A federal judge called the allegation that Dzhokhar Tsarnaev betrayed the US because he took an oath to become a naturalized citizen “highly inappropriate” and said he would dismiss the allegations, The Boston Globe reports.
The judge said it was inappropriate to draw a distinction between naturalized citizens and native-born citizens.
“Only the former take an oath,” [US District Court Judge George A. O’Toole Jr.] said.
The judge made the statements at a status conference this morning.
Federal prosecutors planned to cite Tsarnaev’s alleged betrayal of the US as a factor in seeking the death penalty. The judge agreed with the defense’s objections and said they would have plenty of other factors to cite.
Tsarnaev and his older brother, Tamerlan, are accused of planting two bombs near the Boston Marathon finish line that killed three people and injured more than 260 on April 15, 2013. Dzhokhar Tsarnaev faces multiple charges that carry the possibility of the death penalty. The brothers also allegedly killed MIT Police Officer Sean M. Collier days after the bombings. Tamerlan Tsarnaev later died in a confrontation with police in Watertown.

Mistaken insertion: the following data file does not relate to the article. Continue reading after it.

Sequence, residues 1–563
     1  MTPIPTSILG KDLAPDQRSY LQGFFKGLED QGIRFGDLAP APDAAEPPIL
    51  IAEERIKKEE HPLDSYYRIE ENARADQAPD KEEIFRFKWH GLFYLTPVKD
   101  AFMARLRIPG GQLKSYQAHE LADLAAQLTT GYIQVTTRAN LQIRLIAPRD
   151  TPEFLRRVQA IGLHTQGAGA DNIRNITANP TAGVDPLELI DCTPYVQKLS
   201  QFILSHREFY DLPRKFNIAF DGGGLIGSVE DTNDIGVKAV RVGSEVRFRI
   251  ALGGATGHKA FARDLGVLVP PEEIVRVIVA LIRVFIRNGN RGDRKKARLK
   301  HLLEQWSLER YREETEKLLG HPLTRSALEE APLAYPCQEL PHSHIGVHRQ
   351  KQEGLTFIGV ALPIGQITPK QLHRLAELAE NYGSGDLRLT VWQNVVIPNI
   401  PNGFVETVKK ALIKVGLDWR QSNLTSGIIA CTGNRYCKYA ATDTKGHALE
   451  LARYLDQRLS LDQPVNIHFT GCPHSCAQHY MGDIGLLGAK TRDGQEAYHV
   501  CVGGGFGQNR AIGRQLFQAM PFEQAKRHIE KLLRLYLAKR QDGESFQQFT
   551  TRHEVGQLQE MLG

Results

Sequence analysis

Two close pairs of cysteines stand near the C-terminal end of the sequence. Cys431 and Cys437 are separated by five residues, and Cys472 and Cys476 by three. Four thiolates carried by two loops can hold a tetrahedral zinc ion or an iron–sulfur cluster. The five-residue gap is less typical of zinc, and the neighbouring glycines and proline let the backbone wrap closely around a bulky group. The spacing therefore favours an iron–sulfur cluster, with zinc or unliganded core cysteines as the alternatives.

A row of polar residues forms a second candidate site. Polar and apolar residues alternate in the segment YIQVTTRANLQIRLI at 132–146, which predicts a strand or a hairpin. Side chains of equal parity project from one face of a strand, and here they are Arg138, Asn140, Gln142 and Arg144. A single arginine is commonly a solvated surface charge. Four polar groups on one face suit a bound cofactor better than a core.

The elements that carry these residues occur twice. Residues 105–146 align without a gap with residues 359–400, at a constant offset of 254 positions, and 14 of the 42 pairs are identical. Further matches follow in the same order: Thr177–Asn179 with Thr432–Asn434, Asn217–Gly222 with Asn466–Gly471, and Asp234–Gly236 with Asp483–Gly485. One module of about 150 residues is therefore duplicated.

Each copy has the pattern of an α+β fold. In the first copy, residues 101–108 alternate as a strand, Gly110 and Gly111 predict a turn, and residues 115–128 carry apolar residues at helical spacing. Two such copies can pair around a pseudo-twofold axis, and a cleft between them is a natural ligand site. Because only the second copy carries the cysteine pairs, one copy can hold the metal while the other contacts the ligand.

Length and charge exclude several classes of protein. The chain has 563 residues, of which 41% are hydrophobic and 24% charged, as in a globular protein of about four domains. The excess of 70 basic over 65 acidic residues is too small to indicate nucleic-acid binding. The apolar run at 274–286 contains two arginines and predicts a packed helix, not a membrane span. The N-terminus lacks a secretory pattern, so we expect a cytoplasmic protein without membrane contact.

The judge also issued a stern warning to prosecutors about current or former members of its team speaking to the media, the Associated Press reports.
The warning in court Wednesday came in response to interviews retired FBI agents gave around the April anniversary of the bombings that killed three people.
The judge declined to impose sanctions on prosecutors if such disclosures happen again, as Tsarnaev’s lawyers sought.
The defense also objected to the FBI’s monitoring of Tsarnaev’s prison meetings with his lawyers and family. The judge accepted a compromise, which would allow an assigned agent or federal official not related to the case to be present at such meetings, strictly for security.
The defense was expected to file a motion to move the trial out of Boston, but it was not discussed in today’s hearing.
According to NECN, Tsarnaev’s attorneys have until the end of the day to file such a motion.
The judge set the next status conference for August 10.